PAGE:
Some 59% of London businesses that tried to recruit during the final quarter of 2019 struggled to find the candidates they required – suggesting employers are set to continue to be challenged by the job market in 2020.
The analysis is part of London Chamber of Commerce & Industry’s quarterly ‘Capital 500’ – London’s biggest and most representative business survey.
Carried out by Savanta ComRes, it is based on the performance of over 500 London businesses of various sizes, sectors and boroughs over the previous three months.
When asked during Q3, the business community overall predicted an increase in workforce size in Q4 (17% expected an increase while 8% expected a decrease).
However, when asked in Q4 about how things actually went, employment levels fell on balance, with only 8% reporting an increase and 12% reporting a decrease.
The proportion of businesses that tried to recruit during Q4 remained broadly consistent with Q3 (19% vs 17% in Q3), but with a larger proportion of firms encountering difficulties doing so (59% vs 56% in Q3).
Results also show that 58% of London business decision-makers say they are operating at below full capacity.
Additionally, of the London businesses that tried to recruit during the final quarter of 2019, 76% were looking to recruit to full-time roles – up from 61% in Q3.
Of the businesses that encountered difficulties recruiting: 62% reported difficulties recruiting skilled manual / technical workers; 45% reported difficulties recruiting professional / managerial positions; 12% reported difficulties recruiting unskilled or semi-skilled roles; and 12% for clerical roles.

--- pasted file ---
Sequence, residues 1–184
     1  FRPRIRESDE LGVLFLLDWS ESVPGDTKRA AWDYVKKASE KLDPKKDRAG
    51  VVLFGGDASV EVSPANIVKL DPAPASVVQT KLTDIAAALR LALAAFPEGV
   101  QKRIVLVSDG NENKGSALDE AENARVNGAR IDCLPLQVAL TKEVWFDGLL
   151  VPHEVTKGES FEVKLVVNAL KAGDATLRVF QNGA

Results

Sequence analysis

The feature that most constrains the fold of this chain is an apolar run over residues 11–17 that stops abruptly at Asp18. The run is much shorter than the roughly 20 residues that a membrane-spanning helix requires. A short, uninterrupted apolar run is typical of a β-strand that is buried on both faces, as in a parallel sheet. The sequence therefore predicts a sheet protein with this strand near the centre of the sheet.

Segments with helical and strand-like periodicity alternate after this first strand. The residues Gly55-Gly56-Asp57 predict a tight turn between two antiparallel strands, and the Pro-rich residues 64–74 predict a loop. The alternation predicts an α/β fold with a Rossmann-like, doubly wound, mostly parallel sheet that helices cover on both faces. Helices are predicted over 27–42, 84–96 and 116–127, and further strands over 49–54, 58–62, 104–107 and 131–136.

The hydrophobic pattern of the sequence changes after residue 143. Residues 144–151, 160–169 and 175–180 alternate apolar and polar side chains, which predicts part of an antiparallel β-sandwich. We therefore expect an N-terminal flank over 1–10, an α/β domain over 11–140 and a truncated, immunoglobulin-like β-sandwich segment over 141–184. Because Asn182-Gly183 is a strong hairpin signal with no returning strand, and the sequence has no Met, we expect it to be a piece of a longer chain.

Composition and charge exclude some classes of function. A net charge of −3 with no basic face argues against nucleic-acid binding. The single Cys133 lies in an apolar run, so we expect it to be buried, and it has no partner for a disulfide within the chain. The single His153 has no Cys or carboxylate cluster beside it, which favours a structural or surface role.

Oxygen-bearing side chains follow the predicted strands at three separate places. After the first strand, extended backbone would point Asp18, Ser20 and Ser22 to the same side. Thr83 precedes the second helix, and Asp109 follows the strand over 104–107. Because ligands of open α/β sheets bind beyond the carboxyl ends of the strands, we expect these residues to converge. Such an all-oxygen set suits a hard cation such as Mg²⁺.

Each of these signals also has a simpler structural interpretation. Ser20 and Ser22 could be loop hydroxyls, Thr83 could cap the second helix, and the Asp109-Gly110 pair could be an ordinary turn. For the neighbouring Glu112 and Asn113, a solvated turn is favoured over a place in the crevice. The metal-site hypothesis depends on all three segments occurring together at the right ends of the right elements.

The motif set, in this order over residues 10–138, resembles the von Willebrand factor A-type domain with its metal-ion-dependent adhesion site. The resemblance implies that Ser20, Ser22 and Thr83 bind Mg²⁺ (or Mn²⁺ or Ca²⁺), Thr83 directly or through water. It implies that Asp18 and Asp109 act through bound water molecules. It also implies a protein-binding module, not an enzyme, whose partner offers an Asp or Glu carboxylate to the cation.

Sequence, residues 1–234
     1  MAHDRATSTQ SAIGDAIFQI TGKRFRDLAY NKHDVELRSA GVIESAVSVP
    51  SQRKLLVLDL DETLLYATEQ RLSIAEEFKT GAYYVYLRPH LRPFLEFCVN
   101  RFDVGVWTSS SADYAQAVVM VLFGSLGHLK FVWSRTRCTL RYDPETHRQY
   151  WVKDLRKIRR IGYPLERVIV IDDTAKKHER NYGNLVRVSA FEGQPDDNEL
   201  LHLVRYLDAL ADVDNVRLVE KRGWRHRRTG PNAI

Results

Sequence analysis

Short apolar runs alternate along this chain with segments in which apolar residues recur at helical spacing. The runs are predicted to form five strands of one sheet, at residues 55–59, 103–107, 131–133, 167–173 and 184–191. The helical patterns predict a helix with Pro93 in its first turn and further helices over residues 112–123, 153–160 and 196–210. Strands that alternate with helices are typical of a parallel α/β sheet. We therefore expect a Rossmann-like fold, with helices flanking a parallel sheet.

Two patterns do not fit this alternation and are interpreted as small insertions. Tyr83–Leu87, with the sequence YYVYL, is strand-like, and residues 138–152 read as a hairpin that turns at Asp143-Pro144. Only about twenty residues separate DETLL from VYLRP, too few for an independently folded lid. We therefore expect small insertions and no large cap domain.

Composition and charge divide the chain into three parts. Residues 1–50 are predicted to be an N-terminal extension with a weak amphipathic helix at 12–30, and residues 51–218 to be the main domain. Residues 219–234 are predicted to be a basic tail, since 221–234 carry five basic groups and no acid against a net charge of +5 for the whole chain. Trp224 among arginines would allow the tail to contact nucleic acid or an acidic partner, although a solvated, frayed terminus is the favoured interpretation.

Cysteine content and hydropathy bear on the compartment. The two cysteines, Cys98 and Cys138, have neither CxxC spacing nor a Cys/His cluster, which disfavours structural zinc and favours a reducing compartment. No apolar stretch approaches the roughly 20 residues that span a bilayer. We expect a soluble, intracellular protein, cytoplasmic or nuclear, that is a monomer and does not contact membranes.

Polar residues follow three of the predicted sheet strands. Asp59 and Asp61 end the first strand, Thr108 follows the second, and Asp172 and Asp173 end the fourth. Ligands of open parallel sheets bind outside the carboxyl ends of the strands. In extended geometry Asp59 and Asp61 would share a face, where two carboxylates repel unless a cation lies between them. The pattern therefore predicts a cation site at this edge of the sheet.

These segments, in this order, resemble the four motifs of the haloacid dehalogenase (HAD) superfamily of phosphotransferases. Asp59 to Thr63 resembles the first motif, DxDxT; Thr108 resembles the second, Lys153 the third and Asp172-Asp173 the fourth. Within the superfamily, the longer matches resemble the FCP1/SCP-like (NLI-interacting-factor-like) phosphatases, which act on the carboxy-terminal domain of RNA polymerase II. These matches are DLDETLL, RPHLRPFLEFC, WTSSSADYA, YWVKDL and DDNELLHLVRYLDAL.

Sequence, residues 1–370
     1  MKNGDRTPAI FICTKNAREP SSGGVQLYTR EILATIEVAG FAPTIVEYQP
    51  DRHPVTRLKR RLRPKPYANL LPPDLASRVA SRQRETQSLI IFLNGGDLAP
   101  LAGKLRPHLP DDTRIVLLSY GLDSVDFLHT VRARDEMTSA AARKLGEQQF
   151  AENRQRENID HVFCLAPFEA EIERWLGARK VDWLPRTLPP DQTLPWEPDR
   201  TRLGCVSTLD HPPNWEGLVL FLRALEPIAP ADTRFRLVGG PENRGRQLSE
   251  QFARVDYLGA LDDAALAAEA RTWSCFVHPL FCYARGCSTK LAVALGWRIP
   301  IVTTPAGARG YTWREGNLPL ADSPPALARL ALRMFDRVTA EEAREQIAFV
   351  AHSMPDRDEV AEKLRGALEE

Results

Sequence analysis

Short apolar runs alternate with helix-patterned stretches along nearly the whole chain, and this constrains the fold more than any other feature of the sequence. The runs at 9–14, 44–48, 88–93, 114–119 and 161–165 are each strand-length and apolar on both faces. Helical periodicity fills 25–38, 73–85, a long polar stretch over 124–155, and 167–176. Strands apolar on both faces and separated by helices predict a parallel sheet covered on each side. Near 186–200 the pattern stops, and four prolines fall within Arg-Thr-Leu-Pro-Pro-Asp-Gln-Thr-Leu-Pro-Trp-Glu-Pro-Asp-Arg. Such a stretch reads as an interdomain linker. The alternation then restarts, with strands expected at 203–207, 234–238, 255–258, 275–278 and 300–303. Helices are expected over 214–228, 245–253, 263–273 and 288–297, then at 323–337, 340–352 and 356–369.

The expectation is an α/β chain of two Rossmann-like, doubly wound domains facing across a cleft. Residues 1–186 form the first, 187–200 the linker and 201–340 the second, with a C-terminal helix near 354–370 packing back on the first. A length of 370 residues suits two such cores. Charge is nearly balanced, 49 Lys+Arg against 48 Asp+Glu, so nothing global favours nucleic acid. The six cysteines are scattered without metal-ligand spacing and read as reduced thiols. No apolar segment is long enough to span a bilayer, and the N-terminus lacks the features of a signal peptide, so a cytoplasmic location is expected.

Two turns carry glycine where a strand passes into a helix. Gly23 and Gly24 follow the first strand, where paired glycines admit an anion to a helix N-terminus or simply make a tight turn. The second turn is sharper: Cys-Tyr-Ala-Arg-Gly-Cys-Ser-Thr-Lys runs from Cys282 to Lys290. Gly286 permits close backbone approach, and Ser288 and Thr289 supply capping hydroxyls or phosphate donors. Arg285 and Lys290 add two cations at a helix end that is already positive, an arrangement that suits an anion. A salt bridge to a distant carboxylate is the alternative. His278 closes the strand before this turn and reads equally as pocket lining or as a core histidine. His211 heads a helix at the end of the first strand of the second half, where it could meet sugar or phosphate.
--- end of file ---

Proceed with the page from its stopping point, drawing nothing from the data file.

Peter Bishop, LCCI chief executive, said: “With employment levels high and the UK’s future trading terms with the EU still unknown, 2020 starts with a challenging recruitment environment for many London businesses.
“59% of companies that tried to recruit during the final quarter of 2019 had difficulties. This includes us at LCCI, where our recruitment struggles continued throughout 2019 – as it did for many London firms. Consequently, the year ended with over half of London firms operating under full staffing capacity.
“Any detrimental changes to the UK’s immigration system post-Brexit will only worsen what is already a challenging situation for business.
“A new balanced immigration system providing access to skills at all levels is required. As is an increased focus on the domestic skills system, including reforming the apprenticeship levy.”
Another headline finding shows that domestic sales moved into negative territory, whilst growth in export sales slowed. Some 24% of businesses saw a fall in domestic sales over the last three months, whilst 18% reported an increase. Meanwhile, 21% of businesses who have export sales saw these increase; 16% reported a decrease.
Vicky Pryce, chief economist, Centre for Economics and Business Research (Cebr), said:
“Slower domestic and export demand for London businesses chimes with the rest of the UK economy, still gripped in Brexit uncertainty.
“Worries about the trade disputes and the slowdown in the world economy, particularly the EU, the UK’s main export partner, played a role too.”